"The Benedictine international network is strong and has a clear administrative and authoritative structure that makes the Benedictines positive partners for environmental activities," writes the World Bank in its five year report. "More than this, the Benedictines have a natural commitment to environmental stewardship through the Rule of St. Benedict, their 6th century founder. At the most grass-roots level, Benedictine communities can be very effective by not only putting natural resource management activities into practice, but also in building genuine partnerships with communities and relevant authorities in their local areas. The Benedictine commitment to the people and land around them is unquestionable and once a monastery is established, evidence suggests it will be there for generations regardless of political upheaval or natural disasters."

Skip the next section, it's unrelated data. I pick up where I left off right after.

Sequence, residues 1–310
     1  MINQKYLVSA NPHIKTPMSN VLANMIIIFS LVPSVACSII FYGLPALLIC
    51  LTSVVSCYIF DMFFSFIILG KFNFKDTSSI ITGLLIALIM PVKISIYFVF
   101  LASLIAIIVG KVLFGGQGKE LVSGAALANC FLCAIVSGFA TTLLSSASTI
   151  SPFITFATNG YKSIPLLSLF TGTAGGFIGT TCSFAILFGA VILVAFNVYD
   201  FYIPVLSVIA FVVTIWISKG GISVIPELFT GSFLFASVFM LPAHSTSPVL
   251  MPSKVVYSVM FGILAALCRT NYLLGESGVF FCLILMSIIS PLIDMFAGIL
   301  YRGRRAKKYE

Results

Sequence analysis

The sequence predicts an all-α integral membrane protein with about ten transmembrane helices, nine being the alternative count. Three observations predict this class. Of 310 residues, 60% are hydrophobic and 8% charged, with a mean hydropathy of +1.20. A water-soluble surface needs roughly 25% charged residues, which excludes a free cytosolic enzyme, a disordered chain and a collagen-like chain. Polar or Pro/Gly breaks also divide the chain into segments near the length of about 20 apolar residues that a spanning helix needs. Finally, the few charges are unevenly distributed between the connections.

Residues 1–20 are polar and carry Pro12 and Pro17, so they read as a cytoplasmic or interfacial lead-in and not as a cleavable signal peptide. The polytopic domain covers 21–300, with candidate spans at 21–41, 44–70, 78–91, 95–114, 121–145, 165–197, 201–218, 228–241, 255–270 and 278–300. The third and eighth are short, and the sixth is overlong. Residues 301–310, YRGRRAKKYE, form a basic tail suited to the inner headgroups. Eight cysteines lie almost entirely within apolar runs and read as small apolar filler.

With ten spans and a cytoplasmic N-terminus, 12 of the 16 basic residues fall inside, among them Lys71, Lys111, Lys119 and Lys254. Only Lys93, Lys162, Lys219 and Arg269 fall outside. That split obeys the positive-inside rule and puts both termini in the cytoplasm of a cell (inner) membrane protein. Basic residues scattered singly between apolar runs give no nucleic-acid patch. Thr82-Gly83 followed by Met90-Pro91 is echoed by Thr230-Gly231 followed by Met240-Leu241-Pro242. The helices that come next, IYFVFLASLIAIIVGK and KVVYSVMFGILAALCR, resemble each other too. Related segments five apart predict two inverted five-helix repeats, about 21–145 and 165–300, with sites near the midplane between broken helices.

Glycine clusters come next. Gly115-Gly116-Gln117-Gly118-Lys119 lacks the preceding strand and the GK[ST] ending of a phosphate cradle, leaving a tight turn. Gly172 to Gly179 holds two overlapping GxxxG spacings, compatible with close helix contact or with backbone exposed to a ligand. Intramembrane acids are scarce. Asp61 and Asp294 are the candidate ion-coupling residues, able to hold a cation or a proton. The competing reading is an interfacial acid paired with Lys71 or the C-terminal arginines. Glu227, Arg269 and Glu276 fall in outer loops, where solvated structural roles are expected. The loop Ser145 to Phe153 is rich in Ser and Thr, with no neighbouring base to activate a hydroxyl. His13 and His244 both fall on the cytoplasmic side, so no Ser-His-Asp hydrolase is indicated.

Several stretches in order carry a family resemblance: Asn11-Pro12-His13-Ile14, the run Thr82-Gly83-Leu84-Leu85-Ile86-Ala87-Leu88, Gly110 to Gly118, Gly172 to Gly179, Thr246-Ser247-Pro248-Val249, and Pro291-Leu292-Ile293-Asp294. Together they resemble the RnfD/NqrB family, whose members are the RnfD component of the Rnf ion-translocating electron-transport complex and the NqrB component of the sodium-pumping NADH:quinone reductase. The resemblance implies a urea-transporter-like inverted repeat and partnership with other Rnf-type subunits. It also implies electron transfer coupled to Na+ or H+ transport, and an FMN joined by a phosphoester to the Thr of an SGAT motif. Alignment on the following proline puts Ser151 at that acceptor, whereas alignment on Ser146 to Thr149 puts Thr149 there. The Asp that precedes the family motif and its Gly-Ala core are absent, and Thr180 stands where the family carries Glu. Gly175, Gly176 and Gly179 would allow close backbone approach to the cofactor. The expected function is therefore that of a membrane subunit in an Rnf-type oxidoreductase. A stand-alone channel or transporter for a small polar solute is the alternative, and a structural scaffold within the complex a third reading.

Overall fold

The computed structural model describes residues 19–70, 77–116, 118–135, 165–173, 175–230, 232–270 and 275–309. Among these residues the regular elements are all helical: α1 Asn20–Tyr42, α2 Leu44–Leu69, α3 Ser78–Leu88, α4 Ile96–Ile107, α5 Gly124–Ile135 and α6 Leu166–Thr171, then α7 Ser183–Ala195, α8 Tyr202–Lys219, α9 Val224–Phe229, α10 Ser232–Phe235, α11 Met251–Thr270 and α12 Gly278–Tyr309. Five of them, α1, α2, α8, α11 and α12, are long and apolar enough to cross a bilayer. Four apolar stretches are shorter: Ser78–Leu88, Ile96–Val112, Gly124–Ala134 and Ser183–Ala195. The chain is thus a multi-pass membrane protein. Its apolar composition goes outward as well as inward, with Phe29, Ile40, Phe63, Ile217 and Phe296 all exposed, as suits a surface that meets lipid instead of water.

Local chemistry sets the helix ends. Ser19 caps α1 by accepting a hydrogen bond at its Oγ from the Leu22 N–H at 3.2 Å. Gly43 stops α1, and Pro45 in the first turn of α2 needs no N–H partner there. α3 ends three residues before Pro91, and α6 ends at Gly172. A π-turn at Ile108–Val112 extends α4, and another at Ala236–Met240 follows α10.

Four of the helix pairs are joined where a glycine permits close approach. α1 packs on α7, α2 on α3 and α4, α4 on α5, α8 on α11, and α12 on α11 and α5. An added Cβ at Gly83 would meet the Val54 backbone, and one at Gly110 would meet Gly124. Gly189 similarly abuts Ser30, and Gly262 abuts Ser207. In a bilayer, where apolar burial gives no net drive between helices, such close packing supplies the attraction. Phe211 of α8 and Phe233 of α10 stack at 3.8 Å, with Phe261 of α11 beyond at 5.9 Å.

Other communities using the Handbook

There has been tremendous interest from other Benedictine communities, particularly in Africa. In October 2007 for example ARC received this email from a Benedictine prior in Kenya to whom we had sent the handbook:

"Just yesterday we received the Book LISTENING TO THE EARTH. It gave me a slipless night for I started reading it after compline and only realised that it was nearly three o'clock when I went to sleep. The part on energy/ electricity is of particular interest for me. Many thanks for the book. We will go through it "pole pole" slowly with the community. Thanks again yours in Christ. Fr. Florian OSB"

Other Christian communities around the world have also shown an interest in using the book. The following is is taken from an email from a mission group from Millcreek Community Church in Erie, received in September 2007: